When Congress wants to find out something about the tariff question or some other question they call in people who are familiar with the facts and make a thorough Investigation. It was not so with the prison-labor question, 11' gome of ua had not been ou the wutch we would not have known when the hearings were had, especially In the Senate. Why do they not call upon prison wardens and men who arc Interested in the control of prisons and get their attitudes upon the subject fairly and honestly before they write any new laws? My dear Senator, I hope I have not bored you by this long letter. 1 am very full of this subject and have given years of my life In an effort to better prison conditions. I sometimes feel very bitter when I am compelled to listen to the arguments men and women produce In favor of restricting labor within prison walls. I can only hope that you will have splendid success In your opposition to the Hawes-Cooper bill. If I come to Washington any more this season I would like the privilege of calling upon you at your office. Tours very truly,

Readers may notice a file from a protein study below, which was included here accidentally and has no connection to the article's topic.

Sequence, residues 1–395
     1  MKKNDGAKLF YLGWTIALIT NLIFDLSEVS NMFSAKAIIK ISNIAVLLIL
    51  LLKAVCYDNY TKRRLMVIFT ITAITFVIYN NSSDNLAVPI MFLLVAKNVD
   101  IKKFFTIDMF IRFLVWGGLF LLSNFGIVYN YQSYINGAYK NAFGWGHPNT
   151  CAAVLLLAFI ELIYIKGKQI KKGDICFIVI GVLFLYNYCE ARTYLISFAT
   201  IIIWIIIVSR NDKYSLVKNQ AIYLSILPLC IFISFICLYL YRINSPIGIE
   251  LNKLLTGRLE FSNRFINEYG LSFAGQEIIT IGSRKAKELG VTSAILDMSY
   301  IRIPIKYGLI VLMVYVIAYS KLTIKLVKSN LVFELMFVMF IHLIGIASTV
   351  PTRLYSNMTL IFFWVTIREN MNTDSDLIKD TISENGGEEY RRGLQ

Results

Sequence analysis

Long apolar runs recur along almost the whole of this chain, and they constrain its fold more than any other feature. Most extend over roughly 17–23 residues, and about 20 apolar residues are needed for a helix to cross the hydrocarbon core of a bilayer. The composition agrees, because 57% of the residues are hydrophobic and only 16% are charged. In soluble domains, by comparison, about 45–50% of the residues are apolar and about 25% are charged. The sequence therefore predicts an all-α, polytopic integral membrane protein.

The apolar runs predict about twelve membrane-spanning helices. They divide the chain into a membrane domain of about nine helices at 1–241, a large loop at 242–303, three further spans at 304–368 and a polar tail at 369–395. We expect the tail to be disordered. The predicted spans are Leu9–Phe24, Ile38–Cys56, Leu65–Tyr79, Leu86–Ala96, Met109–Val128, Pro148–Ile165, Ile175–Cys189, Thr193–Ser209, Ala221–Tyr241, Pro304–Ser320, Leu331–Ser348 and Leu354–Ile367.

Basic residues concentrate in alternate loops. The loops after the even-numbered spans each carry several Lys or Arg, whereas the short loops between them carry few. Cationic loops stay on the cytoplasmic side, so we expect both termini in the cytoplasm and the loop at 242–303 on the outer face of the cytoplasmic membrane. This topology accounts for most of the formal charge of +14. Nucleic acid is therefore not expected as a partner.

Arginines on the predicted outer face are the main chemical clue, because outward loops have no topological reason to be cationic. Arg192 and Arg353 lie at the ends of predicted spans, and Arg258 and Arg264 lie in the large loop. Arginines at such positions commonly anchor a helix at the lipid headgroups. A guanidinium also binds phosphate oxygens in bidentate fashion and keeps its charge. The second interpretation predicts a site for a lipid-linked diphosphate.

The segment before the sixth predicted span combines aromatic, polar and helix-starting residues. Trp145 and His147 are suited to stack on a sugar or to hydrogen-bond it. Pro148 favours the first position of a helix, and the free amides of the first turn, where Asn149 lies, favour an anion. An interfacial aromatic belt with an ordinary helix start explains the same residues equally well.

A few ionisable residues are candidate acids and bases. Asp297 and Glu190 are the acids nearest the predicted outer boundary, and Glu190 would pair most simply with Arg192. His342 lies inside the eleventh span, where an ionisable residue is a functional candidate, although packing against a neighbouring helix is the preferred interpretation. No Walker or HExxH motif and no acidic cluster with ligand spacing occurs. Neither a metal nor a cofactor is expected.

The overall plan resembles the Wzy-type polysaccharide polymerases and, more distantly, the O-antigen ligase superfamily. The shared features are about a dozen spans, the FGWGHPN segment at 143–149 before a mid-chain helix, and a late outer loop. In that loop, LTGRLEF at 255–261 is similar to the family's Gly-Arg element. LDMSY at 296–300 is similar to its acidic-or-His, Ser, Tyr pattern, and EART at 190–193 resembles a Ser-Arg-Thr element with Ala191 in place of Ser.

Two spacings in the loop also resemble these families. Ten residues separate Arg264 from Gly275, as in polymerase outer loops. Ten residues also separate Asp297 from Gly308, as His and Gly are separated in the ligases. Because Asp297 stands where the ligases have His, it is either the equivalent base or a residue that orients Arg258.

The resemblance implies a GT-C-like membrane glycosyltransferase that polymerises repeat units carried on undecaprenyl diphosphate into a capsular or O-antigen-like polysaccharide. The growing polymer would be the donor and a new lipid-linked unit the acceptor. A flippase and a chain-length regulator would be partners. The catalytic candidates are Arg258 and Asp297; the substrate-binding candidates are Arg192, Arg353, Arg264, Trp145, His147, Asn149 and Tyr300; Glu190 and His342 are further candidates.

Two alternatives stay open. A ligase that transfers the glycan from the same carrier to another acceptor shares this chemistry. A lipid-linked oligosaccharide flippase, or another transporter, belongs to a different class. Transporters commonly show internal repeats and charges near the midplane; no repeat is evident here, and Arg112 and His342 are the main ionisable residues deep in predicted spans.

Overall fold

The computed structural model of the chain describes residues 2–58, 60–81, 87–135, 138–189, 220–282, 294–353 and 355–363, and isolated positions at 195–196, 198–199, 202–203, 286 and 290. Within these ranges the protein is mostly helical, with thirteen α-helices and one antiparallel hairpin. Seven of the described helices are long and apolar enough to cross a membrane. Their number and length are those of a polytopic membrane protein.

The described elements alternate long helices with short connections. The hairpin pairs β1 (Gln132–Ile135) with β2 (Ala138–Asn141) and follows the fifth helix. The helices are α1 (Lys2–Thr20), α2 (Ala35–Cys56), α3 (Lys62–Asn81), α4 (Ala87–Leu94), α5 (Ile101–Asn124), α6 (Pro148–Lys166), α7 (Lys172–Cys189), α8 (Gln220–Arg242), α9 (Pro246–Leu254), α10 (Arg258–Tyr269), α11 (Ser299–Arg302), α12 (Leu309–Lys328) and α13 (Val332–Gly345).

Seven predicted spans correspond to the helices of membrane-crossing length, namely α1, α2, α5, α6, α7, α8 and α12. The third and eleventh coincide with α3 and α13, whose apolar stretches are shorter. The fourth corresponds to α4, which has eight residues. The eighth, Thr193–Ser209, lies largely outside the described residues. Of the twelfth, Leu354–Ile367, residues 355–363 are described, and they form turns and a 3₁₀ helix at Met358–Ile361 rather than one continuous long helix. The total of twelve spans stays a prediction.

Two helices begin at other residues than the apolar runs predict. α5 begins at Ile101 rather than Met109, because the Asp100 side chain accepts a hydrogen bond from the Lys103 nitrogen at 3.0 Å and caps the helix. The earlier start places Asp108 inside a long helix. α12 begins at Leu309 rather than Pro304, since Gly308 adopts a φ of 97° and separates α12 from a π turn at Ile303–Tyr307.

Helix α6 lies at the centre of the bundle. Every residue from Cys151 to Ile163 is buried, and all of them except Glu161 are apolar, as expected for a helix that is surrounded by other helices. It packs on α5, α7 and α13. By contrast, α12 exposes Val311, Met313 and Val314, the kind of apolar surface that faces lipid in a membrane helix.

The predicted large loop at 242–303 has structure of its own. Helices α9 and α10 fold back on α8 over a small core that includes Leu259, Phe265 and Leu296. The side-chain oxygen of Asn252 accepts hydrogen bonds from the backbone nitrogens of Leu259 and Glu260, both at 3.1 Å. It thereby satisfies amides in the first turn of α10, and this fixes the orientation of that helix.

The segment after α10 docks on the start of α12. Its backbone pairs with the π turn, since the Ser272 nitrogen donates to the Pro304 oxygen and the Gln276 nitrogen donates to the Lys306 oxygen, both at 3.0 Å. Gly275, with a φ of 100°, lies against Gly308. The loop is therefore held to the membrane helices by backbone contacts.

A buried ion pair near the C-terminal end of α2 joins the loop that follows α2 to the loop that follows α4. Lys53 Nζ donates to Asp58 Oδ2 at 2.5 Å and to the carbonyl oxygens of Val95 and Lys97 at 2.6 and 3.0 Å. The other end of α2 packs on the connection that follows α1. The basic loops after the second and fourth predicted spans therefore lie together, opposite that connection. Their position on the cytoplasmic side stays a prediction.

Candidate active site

.Tons I.. Moormas, President Board Trustee*, Indiana State Prison.